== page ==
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August 2017 Skies
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by Dick Cookman
Highlights: Comet Journal, Martian Landers, Meteor Showers, Solar Eclipse, Planet Plotting, August Moon
Focus Constellations: Perseus, Cassiopeia, Cepheus, Cygnus, Lyra, Aquila, Ophiuchus, Hercules, Corona Borealis, Bootes, Draco, Ursa Minor, Ursa Major, Camelopardalis
Comet C/2017 O1 is in Cetus and Eridanus in early August and moves northward into Taurus late in the month. It is at 9th magnitude and expected to brighten to 8th magnitude. C2015 ER61 (PanSTARRS) is in Aries and Taurus after passing through perihelion at 6th magnitude in May. It is at 9th magnitude and will continue to circle through the two constellations as it retreats from the inner solar system. Comet V2 Johnson, in southern hemisphere skies, is visible in southern USA at 8th magnitude in Lupus in early August.
Opportunity is at "Perseverance Valley” on the western rim of "Endeavor Crater", the 14 mile wide crater located on "Meridiani Planum", the plain where the rover landed in January of 2004. Between Sol 4774 (June 28, 2017) and Sol 4793 (July 18, 2017), Opportunity entered the valley and moved to a position offering a favorable tilt for solar energy gain prior to and after the solar conjunction on July 26th. In addition, two weeks of instructions were uploaded for the conjunction due to expected communication difficulties during the conjunction. On Sol 4795, a computer warm reset halted use of the stored sequence of commands and kicked the rover into automode during which it awaits further instruction. Solar array energy production averaged 342 watt-hours per sol during the month and the rover has traveled 27.95 miles (44.97 kilometers) on Mars since 2004.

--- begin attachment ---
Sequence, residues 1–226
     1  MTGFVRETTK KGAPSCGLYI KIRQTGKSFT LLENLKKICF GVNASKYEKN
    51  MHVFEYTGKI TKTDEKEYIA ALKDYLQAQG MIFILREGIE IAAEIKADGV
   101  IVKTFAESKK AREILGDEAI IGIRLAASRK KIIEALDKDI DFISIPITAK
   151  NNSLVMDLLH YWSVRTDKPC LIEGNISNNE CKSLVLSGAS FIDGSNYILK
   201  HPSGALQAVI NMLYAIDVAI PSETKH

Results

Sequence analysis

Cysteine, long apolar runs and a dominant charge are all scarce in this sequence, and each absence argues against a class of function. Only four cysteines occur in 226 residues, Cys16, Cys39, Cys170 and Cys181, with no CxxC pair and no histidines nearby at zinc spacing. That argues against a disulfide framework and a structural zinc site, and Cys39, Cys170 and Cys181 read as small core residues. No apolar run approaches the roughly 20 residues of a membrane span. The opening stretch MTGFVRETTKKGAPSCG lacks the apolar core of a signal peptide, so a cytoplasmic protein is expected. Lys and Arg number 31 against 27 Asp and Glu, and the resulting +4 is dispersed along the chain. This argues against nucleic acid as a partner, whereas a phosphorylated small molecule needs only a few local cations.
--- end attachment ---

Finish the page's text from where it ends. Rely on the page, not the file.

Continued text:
On Sol 1741 (June 29, 2017), Curiosity was preparing for the solar conjunction and drawing close to the base of Vera Rubin Ridge, the hematite bearing layer which is the next youngest layer above the Murray Formation mudstones. Analysis of the hematite rocks may reveal an ancient environmental change to more acid conditions in the water filling the crater. The layers of Mt. Sharp which lay above the ridge include more recent clay and sulfate bearing rocks which will reveal further details of Martian history.
Residual Southern Delta Aquarid Meteors which continue to grace the skies in early August after peaking on July 30th compete with glare from the gibbous Moon. On the 8th, the day after the partial eclipse of the Moon, the minor Northern Delta Aquarid Shower adds a few meteors piercing the lunar glare each hour.